I picked up a free copy of The Times before boarding a plane for New York this morning (25 April), not my newspaper of choice, but the choice was indeed very limited. “Yes Murdoch owns it but it is still a proper newspaper, not a tabloid”, I said to myself. Well, the language is more polished and the headlines marginally less shouty, but, as I quickly realised, one can tell the position of the newspaper on Brexit and the forthcoming election just by glancing at the front-page. Two headlines: Brussels to hit Britain with a €2 billion fine for custom fraud; Corbyn endorsed by two far-left organisations. Interestingly, while the emphasis in heading and subheading of the first piece is on yet another unreasonable demand from the EU that will impact on the Brexit negotiation, the body of the article (at page 6) reveals evidence of a ‘huge trade fraud’ run by Chinese gangs which somehow manage to have their imported goods undervalued for tax purposes by the UK customs (‘a soft gateway’). So not that unreasonable it turns out.
As for the Corbyn-related story, the unsought endorsement of two Communist organisations counting a handful of members become evidence of a Corbyn-led Communist plot to turn Britain into the Soviet Union.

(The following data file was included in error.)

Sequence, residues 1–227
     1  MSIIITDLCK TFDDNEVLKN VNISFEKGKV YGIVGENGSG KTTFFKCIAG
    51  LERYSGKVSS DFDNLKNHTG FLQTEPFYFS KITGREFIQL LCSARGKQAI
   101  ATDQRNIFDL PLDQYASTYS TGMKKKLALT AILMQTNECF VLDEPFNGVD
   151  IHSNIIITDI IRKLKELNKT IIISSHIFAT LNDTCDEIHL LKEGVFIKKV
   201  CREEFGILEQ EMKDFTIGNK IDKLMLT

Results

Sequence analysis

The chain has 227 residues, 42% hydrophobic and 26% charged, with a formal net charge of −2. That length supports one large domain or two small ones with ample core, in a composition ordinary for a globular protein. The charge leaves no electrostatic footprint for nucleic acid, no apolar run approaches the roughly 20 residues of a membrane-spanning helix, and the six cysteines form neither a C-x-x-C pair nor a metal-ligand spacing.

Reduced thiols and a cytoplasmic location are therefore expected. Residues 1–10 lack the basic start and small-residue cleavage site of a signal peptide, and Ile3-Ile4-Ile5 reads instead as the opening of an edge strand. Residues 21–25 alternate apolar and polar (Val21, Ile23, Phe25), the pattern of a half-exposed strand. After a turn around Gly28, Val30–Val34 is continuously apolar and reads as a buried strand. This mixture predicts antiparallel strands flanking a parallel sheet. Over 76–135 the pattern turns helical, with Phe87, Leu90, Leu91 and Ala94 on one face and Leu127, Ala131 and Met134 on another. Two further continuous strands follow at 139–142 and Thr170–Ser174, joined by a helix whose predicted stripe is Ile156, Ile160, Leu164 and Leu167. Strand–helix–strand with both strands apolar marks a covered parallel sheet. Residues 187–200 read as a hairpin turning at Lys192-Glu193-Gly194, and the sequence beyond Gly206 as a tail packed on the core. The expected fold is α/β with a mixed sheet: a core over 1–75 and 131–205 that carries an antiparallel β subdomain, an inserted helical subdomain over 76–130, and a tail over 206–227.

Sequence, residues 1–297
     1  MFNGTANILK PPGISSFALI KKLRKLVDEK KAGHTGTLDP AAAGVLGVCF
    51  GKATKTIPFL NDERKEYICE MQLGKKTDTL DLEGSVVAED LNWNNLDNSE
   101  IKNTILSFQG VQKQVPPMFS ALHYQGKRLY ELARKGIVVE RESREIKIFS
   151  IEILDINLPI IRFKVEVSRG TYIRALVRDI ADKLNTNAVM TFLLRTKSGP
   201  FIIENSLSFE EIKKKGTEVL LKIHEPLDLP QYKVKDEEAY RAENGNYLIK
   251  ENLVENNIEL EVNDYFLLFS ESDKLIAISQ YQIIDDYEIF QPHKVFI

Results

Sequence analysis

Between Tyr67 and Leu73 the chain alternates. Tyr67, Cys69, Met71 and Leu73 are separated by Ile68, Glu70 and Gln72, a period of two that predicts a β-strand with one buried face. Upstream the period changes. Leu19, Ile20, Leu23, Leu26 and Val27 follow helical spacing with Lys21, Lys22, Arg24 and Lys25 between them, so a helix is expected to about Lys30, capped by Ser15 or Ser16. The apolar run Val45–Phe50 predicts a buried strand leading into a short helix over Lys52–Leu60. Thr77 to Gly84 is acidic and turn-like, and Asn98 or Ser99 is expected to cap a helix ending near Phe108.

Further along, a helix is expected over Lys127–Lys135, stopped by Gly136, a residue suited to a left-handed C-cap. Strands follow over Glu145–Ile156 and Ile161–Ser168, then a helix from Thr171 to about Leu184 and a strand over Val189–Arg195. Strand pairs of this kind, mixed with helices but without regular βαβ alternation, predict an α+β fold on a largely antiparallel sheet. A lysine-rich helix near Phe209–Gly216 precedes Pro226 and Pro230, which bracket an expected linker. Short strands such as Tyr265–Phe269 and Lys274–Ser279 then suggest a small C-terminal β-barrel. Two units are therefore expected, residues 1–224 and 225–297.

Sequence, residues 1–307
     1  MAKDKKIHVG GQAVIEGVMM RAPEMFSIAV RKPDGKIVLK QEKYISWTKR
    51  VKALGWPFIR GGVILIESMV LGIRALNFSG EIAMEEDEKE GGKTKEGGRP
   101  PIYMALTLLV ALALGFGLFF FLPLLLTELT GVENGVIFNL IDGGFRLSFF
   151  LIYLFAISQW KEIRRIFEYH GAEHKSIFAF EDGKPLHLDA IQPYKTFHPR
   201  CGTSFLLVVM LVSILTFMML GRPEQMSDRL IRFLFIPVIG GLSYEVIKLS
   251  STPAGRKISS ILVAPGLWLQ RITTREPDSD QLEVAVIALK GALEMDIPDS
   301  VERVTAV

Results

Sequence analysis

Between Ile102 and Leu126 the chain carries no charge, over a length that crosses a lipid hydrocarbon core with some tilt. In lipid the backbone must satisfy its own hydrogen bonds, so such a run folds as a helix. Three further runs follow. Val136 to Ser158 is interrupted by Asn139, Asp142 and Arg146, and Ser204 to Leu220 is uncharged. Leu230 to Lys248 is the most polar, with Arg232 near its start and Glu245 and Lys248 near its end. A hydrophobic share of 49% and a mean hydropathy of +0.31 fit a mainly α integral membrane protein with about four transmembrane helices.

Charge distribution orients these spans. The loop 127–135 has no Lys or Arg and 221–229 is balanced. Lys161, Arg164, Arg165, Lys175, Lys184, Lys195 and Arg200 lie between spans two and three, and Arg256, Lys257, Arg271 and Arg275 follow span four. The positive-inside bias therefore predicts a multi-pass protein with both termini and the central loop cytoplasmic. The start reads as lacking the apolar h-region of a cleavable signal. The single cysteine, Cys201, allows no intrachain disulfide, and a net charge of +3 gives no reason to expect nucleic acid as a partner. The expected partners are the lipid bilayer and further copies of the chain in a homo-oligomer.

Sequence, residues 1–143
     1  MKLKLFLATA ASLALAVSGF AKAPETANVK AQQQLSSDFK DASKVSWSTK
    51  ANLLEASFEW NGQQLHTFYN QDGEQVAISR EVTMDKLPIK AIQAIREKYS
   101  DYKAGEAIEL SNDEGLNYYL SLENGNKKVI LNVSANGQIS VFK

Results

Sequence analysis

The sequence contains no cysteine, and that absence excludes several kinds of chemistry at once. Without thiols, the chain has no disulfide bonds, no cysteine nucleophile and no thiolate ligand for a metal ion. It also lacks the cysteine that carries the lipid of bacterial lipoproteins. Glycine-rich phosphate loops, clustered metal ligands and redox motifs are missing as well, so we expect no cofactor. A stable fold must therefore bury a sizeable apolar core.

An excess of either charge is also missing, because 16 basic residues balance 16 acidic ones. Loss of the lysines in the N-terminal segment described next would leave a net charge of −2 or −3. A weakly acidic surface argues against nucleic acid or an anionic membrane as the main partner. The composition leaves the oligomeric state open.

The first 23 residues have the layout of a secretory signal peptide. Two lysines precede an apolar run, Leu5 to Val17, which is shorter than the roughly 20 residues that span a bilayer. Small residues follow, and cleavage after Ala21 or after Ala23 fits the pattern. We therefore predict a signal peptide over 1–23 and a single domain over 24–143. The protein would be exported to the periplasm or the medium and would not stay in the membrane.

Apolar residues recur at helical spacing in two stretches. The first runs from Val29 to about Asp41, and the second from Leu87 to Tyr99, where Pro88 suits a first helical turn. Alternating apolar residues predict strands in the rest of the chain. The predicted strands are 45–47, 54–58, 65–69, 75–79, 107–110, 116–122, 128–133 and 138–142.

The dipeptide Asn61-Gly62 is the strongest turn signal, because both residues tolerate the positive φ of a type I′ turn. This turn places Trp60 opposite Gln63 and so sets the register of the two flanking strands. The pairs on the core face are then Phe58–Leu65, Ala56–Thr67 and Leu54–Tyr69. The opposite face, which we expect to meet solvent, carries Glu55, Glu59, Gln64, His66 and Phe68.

At a slightly closer inspection (ie before I put it down and began to write this on my phone) it is not only a front-page thing, it runs through almost every page hardly under the surface. At page 3, for example, The Times runs a long story about a young female entrepreneur using the global appeal of the English language to make money, not incidentally she is a photogenic young graduate – one of the core cohorts that supported Remain and need to be allured into Brexit. Lesson for the readers: there is a world of opportunities for young people outside the EU. At page 5, the top article is about a leading law firm that ‘reaped nearly £10 million in fees from claim of torture against British troops in Iraq’. Interesting story, he all know how much the Brexitiers dislike human rights, so the story fits beautifully under the rubric 1) ‘abuses of the human rights protection system’ and 2) ‘our troops are always a force for good’. But there is also story in the story. The photo accompanying the piece in fact has nothing to do with the Iraq case. The caption says: “Martyn Day, left, won a victory in 2012 for Kenyans who sued for colonial abuses”. So neither Iraqi civilians, not British troops in the photo, but instead we find the face of Jeremy Corbyn right in the middle. Interestingly, whoever wrote the caption didn’t seem to recognise him.